Looking for redemption

DON BRENNAN, SUN MEDIA

, Last Updated: 2:49 PM ET

It was the lowlight of his career, but Chris Phillips has moved on from his Steve Smith Moment.

"One of those things that I won't ever forget, and every once in a while someone reminds me of it," said the veteran defenceman, glaring then chuckling at his interrogator. "I don't know, it was just disappointing, the play that happened. But I'm mature enough, I guess, or played enough to know that stuff like that happens. It didn't affect me too much."

You remember what happened. The Senators were trailing the Anaheim Ducks 2-1 in the second period of Game 5, one loss from elimination in the Stanley Cup final last season. Phillips, trying to break out from behind his own net, had the puck slip off his stick and into Ray Emery's skates, from where the unsuspecting goalie kicked it over the goal line.

The Senators would pull to within one again, but the Ducks shifted into high gear, winning the game 6-2 to capture the Cup.

Phillips, feeling horribly about his role in what turned out to be the winning goal, stared disconsolately into the TV cameras, telling millions of viewers he knew how former Edmonton Oilers defenceman Steve Smith felt for a similar play in the 1986 playoffs.

Now, Phillips wants to know how Smith felt three of the next four years, when he and the Oilers won Stanley Cups.

'VERY TOUGH'

After a taste of the bitter, it's only right to yearn for the sweet.

"Obviously, initially, it's very tough, when you're right there and don't come away with anything," the 30-year-old "Big Rig" said of last year's run to the final.

"When you have a little time to reflect on it, it was a great experience and a great accomplishment. We went through a lot just to get there. Saying that as well, I think it would sting a little bit forever if you never did win one down the road."

Phillips disputes the notion that 2007 will be remembered as his best shot to win a title in the city he has called home since the Senators made him the first overall pick in the 1996 entry draft.

"For all the things to go right, I think we earned those things," he said. "We worked hard and battled hard to earn the lucky bounces, that's what hard work and sticking together and doing all the right things gets you. We had a great team last year and we went to the finals. To say that was our best chance ... you could go back three or four years ago before that, when we win the President's Trophy ... is that our best chance? Or later on when we had (Martin) Havlat, (Zdeno) Chara, (Dominik) Hasek and those types of players, and never made it to the finals ... it's not always about the personnel you have but how you're all playing together."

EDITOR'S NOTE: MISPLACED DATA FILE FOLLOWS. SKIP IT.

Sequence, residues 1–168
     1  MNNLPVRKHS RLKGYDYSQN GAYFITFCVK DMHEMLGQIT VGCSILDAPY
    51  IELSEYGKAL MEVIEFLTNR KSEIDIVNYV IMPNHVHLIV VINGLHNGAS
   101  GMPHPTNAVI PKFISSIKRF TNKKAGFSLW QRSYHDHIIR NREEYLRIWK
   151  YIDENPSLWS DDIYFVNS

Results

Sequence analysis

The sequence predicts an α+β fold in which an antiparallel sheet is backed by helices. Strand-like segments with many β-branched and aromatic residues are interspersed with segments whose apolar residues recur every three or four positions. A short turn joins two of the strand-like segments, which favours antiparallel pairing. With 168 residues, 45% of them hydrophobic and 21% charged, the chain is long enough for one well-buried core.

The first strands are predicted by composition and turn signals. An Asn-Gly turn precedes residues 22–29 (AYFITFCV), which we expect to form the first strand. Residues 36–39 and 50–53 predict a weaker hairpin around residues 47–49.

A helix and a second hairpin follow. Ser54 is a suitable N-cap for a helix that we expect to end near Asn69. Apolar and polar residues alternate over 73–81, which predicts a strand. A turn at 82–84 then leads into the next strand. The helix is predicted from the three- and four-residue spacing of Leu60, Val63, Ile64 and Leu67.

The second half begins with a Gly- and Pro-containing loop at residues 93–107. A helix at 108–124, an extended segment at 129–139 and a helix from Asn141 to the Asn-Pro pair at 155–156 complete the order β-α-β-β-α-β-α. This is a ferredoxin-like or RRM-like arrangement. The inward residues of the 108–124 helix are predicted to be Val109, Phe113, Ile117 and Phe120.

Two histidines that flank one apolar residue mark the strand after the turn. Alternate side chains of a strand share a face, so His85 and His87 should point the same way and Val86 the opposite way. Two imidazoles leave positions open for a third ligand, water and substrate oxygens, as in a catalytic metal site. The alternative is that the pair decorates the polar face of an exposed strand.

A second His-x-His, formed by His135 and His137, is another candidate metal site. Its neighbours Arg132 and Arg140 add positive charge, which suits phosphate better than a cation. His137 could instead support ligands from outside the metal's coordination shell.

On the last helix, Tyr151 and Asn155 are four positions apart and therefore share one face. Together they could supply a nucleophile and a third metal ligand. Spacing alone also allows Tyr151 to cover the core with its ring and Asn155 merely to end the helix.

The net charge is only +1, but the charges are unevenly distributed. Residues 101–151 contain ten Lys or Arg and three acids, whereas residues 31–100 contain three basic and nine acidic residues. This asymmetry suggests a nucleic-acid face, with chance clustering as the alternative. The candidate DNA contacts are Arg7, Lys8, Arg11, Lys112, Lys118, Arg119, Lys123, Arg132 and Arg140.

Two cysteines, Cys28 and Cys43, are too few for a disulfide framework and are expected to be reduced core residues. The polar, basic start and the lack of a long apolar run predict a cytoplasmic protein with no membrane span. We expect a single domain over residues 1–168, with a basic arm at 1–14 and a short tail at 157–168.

The Senators have not played nearly as well together this season, with a decent chunk of the blame on the defensive coverage. Against the high-powered and multi-faceted Penguins attack, that has to change.

To that end, coach and GM Bryan Murray has split up Phillips and Anton Volchenkov, Ottawa's "shut down" blue-line pairing. While Phillips will be reunited with his old partner numerous times throughout the series, he's expected to start Game 1 alongside Mike Commodore.

Along with their obvious height advantage, the two could pose for a before-and-after ad in a hair replacement commercial.

"We have to play (with) five more than six defencemen in the series," explained Murray. "Chris Phillips and Volchenkov, the bigger guys, will have to play more minutes. There's no question. They're prepared to do that.

TURNS IT UP A NOTCH

"We're going to have to recognize (Evgeni) Malkin has made great strides, (Sidney) Crosby is a good player. At the moment they don't play together. There's a whole variety of options they will have."

Phillips, who has always been known as a player who turns it up a notch in the playoffs, is more than prepared for the extra minutes and responsibilities he will get in trying to shut down the Penguins. Anything to get back to where he and his mates were last June.

"It was unbelievable to be a part of that," he said of how the city reacted to last year's Cup run. "Just to see the amount of people out there, and knowing that we made hockey fans out of a lot of people that maybe before didn't follow us, or didn't follow the game, that just got caught up in the excitement of everything. I think it was just so positive, for not only us to see that, but for the whole city, to have something to rally around and be a part of."

And what reason do fans have now to believe?

"For the guys that were there, it's about that the burning feeling of wanting to almost get that high back, of getting into the finals, and playing for the Stanley Cup," said Phillips. "That's just a feeling that's tough to describe, it was so much fun. That little sting to go that much further and win it ... last year showed how much players cared and how much we wanted it. That's even more so when you get a little taste of it."


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